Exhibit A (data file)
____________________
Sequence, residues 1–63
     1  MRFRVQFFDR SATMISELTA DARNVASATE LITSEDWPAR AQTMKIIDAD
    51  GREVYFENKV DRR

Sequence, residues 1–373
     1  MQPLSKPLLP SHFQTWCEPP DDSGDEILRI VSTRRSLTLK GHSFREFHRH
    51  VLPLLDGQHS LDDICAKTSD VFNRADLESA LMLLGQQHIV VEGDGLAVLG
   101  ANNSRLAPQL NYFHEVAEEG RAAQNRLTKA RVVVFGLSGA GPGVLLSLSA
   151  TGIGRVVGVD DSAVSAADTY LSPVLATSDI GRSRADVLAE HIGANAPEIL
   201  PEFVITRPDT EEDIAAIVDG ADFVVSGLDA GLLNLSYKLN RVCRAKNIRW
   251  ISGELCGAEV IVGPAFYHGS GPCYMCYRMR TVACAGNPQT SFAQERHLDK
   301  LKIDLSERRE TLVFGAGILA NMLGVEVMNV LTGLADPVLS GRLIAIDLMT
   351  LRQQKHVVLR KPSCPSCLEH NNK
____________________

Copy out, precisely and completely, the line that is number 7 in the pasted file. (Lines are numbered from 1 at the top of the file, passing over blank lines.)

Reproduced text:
   101  ANNSRLAPQL NYFHEVAEEG RAAQNRLTKA RVVVFGLSGA GPGVLLSLSA